Honorable Chief Minister, Honorable Ministers of Health, Officials of the US-Virgin Island Administration, Honorable Members of the US Congress, Mrs. Donna Christian-Christensen and Mr. Donald Payne, Ambassador Christopher Thomas, Chairman of the Inter-American Economic Council , Mr. Barry Featherman, Sir George Alleyne, Assistant Secretary General Eddy Green, Esteemed Panelists, Special Guests, Ladies and Gentlemen:
I am pleased to have this opportunity to share with you some thoughts and policy objectives of the Organization of American States on the issue of HIV/AIDS and its implication for human security in the Caribbean. I thank the Inter-American Economic Council for this opportunity and for organizing this important conference.
Many of you present today have been at the forefront of the fight against HIV/AIDS at different levels. This morning’s panels have enlightened us all with insights, analysis and figures about the gravity of the impact of HIV/Aids in the Caribbean. Today, I am here to assure you of my organization’s commitment to keeping this issue high on the political agenda in the inter-american system and I will raise some issues that in terms of impact go beyond the immediate health care challenges the countries in the Caribbean face, because this issue is a complicated one, one that requires a multi-disciplinary approach and – as indicated this morning - also demands a major mindset change in society at all levels.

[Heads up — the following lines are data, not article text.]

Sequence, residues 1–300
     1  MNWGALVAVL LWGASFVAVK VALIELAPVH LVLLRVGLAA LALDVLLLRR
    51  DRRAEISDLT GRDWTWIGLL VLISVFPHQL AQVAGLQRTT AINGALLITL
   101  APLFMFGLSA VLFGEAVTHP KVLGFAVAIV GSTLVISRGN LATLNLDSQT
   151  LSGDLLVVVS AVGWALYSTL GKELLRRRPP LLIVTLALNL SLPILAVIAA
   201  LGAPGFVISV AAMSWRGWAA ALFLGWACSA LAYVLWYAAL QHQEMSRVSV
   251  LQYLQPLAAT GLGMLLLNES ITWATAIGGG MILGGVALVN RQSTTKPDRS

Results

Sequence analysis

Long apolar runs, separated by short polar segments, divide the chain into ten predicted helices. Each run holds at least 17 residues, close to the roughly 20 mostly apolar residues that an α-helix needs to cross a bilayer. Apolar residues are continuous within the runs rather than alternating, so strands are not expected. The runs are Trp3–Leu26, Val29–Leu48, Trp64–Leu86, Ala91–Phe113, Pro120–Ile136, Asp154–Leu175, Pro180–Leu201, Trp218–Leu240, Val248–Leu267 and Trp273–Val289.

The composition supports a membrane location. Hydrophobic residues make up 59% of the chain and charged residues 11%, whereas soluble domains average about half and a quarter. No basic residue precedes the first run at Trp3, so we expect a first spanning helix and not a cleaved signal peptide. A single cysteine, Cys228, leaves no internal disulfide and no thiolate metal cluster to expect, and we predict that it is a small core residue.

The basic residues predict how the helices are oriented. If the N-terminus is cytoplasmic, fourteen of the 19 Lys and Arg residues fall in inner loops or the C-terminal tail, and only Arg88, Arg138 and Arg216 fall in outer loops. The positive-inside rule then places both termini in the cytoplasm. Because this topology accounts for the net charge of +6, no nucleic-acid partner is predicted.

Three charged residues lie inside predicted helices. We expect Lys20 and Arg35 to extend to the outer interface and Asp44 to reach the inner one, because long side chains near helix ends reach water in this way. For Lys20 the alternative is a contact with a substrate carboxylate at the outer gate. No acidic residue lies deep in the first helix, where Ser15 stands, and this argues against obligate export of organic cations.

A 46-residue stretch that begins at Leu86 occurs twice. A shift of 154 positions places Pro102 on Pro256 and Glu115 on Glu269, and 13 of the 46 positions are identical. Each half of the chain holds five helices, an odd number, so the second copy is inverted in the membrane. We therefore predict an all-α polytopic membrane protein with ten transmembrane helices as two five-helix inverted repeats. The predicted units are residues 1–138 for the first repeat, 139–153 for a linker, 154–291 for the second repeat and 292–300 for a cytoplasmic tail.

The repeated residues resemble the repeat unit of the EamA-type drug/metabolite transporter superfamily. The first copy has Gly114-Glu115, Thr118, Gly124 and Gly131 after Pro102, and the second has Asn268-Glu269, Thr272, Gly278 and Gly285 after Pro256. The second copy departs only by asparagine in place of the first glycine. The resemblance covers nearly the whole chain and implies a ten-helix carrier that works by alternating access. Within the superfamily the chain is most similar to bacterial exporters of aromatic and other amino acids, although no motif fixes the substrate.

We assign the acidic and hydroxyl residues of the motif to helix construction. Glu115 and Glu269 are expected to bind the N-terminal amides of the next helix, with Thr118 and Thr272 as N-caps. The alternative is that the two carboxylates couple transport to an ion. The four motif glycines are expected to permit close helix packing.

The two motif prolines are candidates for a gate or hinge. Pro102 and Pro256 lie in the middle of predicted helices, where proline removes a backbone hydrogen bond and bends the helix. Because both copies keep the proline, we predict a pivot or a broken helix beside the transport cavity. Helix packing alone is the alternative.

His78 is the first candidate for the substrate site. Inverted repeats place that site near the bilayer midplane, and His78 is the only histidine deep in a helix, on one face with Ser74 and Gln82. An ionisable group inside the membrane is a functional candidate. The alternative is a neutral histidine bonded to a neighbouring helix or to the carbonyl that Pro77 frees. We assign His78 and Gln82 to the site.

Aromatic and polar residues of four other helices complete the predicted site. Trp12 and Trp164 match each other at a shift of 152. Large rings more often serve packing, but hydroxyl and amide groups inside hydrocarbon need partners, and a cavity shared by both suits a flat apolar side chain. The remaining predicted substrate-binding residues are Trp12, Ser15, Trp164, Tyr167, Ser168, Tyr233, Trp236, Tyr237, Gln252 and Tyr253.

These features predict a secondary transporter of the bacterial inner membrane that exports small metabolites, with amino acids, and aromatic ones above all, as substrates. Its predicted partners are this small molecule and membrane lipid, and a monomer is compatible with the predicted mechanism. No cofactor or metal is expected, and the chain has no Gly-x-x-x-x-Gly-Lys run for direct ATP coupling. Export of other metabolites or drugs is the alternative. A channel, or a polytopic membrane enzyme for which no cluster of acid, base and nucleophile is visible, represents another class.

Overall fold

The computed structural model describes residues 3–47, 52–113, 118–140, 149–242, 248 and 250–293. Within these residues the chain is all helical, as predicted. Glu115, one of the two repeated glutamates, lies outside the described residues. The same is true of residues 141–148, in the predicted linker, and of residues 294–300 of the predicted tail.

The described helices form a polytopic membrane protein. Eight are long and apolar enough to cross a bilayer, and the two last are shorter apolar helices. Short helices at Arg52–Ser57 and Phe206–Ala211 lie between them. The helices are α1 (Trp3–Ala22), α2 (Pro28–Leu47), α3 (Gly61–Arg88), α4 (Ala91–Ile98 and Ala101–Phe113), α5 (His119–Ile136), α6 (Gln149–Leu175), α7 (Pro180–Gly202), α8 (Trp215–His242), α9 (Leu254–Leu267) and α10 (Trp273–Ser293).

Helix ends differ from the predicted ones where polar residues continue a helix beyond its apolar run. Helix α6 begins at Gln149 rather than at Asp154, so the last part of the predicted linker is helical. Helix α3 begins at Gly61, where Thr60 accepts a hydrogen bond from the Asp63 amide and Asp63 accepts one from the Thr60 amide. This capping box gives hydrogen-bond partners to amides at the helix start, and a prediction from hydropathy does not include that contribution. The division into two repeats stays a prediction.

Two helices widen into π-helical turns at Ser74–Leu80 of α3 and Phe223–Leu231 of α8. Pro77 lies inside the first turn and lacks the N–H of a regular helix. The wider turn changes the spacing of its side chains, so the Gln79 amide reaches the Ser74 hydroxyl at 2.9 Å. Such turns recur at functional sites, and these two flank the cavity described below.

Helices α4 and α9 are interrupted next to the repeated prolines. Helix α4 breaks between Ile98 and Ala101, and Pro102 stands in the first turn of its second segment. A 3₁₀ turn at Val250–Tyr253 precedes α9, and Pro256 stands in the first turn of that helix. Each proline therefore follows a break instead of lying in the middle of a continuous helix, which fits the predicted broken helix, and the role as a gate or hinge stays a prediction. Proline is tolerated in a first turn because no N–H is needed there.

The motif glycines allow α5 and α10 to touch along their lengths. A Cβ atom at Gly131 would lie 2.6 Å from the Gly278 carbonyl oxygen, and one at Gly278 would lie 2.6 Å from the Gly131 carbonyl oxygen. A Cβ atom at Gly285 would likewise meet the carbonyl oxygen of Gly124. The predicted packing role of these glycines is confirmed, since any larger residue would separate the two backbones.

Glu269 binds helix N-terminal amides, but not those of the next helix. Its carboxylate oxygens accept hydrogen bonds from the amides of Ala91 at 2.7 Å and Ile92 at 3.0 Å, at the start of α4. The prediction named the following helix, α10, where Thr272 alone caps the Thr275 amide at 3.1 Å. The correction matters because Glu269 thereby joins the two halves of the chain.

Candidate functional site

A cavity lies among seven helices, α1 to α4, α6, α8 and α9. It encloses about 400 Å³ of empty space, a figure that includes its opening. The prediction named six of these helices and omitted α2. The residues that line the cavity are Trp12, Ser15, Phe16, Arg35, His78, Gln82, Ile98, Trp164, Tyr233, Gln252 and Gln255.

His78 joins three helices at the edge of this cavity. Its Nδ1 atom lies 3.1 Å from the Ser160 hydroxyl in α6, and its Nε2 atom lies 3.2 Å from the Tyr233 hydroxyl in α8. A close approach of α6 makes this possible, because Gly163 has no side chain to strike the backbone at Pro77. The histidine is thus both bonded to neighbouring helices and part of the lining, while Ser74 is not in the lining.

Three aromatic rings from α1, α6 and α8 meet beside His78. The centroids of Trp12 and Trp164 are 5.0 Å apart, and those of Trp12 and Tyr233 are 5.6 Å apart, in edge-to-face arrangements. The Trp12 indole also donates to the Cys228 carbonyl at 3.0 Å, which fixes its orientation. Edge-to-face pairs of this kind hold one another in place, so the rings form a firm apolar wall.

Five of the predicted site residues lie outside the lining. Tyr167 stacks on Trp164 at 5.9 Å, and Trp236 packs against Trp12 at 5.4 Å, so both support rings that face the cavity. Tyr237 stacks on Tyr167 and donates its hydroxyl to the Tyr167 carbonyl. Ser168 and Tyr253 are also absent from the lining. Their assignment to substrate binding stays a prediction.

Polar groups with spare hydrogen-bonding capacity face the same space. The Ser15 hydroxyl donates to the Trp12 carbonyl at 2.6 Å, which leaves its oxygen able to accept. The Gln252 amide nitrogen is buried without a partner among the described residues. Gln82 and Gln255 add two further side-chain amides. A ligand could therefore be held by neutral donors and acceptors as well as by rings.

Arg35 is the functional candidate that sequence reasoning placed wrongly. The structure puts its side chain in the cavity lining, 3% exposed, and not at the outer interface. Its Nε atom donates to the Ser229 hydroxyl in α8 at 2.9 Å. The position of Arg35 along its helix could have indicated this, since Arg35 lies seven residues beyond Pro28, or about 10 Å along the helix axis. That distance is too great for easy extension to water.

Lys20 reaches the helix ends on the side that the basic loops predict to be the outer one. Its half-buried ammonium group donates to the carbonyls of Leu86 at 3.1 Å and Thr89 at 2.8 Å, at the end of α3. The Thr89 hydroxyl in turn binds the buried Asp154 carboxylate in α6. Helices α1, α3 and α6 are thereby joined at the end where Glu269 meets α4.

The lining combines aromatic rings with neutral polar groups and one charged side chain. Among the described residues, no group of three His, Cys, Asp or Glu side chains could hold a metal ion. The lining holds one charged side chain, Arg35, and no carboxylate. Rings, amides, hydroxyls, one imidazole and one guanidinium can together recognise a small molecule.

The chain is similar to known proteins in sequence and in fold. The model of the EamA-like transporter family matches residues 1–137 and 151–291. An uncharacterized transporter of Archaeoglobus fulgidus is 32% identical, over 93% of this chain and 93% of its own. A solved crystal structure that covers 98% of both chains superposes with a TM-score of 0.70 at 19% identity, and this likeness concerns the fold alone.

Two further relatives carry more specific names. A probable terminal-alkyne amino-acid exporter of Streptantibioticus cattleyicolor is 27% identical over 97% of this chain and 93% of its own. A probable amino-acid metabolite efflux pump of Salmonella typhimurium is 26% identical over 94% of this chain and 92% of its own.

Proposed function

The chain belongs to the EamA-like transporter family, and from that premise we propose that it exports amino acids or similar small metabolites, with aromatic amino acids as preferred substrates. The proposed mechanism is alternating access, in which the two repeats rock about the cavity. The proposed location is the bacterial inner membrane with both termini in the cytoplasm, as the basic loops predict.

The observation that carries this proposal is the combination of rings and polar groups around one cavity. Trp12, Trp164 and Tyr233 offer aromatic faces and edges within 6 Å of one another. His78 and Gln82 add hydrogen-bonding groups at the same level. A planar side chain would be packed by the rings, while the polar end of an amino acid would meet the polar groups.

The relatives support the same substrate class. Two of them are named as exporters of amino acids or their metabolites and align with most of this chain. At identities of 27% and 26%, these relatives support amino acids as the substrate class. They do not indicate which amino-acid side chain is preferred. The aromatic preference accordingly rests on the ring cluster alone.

But let me first inform you that at the highest political levels in the Western Hemisphere HIV/Aids has drawn attention and action. You may recall that in 2001, at the Second Summit of the Americas held in Quebec City, Canada, Heads of Government of the Hemisphere acknowledged
“HIV/AIDS as another major threat to the security of our people”
and in their Plan of Action pledged that
“our governments will commit, at the highest level, to combat HIV/AIDS and its consequences, recognizing that this disease is a major threat to the security of our people.”
That commitment from Heads of Government represented an important moment in the Americas as it sent a clear signal to all segments of our communities – including youth and seniors, men and women, public institutions and private corporations – that this scourge would be viewed as a priority area for engaged attention and action.
And this commitment has been reaffirmed subsequently in many other hemispheric documents, like the Bridgetown Declaration in 2002 on the multidimensional nature of security threats, and in the 2003 Declaration on Security in the Americas, adopted in Mexico City.